‘Therapeutic Writing’, or ‘Journal Therapy’, is a bringing together of ‘expressive’ writing and therapy whereby instead of having to rely on ‘talking’ to a therapist, you can instead use writing in a guided and structured way to help you process your thoughts and feelings and understand your experiences. The therapist uses their theoretical knowledge to help you, just as they would with talking therapy.

The research base for the health benefits of expressive writing has been growing in size since the early studies in 1986 by James W Pennebaker. Some of the issues that writing has said to be helpful with include anxiety, stress and the body’s immune response, grief and loss, and adjusting to illness. Have a look at this article here written by two GP’s discussing the use of Writing therapy in primary mental health care.

Woman Sitting By the Water and Writing in a Journal


In my individual sessions I begin with an initial assessment meeting which can be either over email, video, phone or face to face. In this meeting I aim to help sort through what you might be struggling with, and use specific CBT and Writing strategies to get the issue(s) organised and ‘formulated’ for you.

After this, we would discuss the plan for how to help you get to where you would like to be. This can be purely through Writing therapy or can be a combination of Talking and Writing therapy. I will provide a structure for you to use for the specific issue you will be writing about, and also some strategies to help guide you and support you whilst you are working on the issue or problem. We will use our initial formulation to refer back to at various points. This formulation is helpful to keep us on track as well as to see what insights and understandings you have uncovered. But we can also take an open approach to see what emerges as you start the writing process.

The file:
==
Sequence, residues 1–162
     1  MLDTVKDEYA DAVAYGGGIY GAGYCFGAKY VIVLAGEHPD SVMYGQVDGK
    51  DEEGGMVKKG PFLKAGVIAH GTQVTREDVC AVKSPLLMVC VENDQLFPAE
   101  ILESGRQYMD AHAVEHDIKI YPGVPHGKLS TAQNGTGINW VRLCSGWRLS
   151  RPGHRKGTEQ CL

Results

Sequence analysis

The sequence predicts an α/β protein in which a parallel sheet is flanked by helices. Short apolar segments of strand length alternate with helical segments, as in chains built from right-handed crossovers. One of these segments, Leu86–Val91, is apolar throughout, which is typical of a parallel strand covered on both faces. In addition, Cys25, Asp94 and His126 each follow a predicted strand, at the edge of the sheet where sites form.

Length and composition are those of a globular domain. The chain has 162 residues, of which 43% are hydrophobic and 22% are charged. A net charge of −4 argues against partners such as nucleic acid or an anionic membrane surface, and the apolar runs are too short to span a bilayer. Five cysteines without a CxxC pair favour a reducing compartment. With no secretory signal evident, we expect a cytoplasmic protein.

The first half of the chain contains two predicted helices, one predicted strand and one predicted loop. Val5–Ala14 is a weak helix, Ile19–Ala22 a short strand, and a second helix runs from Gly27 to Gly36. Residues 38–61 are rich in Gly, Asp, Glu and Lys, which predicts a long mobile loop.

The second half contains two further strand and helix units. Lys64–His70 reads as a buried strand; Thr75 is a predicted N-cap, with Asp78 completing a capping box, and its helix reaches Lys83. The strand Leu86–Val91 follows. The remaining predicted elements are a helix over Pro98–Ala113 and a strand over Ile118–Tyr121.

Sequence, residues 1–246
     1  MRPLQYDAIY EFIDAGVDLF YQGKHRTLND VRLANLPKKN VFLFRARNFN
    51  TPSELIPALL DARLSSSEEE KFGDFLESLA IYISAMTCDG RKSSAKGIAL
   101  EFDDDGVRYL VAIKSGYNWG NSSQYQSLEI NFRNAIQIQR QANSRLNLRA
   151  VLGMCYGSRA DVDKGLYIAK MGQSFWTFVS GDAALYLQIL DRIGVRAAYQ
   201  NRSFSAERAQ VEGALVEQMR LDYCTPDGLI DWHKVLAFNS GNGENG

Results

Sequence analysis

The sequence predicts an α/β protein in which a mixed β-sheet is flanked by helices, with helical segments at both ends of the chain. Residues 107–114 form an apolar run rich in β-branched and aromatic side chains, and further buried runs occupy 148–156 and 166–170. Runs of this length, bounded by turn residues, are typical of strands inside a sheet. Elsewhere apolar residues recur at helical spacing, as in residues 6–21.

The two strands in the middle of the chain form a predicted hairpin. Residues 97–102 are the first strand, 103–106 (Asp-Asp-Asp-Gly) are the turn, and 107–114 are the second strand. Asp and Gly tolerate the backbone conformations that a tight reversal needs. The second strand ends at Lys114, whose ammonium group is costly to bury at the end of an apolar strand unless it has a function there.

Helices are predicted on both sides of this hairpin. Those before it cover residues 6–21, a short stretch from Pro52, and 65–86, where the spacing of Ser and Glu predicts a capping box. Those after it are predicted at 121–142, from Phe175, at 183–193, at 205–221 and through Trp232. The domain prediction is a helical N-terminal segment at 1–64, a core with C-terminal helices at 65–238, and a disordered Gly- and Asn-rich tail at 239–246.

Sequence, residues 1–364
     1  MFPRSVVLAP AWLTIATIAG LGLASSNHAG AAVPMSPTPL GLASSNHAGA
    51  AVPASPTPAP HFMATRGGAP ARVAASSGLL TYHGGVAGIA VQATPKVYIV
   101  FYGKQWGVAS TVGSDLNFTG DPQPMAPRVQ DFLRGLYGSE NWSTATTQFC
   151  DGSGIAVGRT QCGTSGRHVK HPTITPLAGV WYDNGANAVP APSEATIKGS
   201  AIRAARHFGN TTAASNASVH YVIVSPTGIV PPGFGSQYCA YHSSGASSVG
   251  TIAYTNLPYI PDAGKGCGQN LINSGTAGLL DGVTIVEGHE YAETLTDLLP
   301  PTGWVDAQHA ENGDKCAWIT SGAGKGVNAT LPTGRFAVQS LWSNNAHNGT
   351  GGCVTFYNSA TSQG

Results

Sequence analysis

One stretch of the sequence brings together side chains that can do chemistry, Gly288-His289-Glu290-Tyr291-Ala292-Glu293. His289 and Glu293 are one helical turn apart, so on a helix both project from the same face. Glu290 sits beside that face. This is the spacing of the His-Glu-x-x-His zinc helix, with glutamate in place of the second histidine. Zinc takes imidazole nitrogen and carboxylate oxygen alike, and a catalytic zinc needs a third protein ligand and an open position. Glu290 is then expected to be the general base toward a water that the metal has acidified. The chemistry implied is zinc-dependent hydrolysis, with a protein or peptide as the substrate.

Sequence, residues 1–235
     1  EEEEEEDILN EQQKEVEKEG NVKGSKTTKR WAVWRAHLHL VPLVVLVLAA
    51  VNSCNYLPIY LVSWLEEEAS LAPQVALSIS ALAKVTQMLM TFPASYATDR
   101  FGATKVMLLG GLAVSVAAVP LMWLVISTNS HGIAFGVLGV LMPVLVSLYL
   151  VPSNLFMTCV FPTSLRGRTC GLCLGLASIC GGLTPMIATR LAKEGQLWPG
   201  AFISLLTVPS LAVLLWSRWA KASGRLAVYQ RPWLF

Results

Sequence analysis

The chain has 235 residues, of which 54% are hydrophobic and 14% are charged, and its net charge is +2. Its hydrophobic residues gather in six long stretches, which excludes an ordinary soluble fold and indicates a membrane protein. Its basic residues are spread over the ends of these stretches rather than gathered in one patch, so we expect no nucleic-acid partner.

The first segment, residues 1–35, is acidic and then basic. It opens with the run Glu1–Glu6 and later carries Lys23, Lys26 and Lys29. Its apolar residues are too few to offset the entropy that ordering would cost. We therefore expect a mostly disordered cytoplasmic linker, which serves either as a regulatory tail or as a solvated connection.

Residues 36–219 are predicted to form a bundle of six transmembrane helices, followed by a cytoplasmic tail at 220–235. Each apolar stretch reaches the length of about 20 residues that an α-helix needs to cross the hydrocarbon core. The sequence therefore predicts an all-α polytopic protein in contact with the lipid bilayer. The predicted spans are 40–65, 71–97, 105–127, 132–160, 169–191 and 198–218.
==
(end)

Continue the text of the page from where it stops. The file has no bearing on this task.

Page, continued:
We will agree review dates to come back together and see how things are going for you. I am happy to take things at your pace in terms of sharing what you have been writing. There is no pressure to share.


Individual sessions can be via email, video or audio call, or face to face at my office. They are a great solution for people who are thinking about therapy but for whatever reason are not comfortable speaking about what is concerning them. This is where we use writing rather than talking to explore your experiences in a specific situation or point in time, with a view to unpicking themes and drawing out links and patterns to help you to understand and gain insight into why you might feel, think and act the way that you do sometimes.


My W4W groups are ideal for between 3-10 people and can be carried out either face to face or via group video meeting. They are helpful for community groups, employees, or team members who share a particular difficulty or work issue.


As I am both a CBT Psychotherapist and Writing Therapist I am able to bring these two therapies together in order to help clients in either Primary or Secondary care, both individually and in groups.

Cognitive Behavioural Writing Therapy

This is where we use CBT techniques of formulating and applying strategies and techniques such as exposure, but through writing. This adds an extra layer of processing to the work and has been found to be effective. It also means that you can use a different language if English is not your first or preferred language.

Lyrical Therapy

This is where we use song or poetry to write out lyrically how you are feeling or thinking about an issue and we view it as producing a specific lyrical piece. We can apply as many or as little poetry or songwriting techniques afterwards to take the piece further. However the aim at first is to put into lyrical sounds and words what you are experiencing, or to use other sounds and words to help you to express this.

If I don’t write to empty my mind, I go mad.

Lord Byron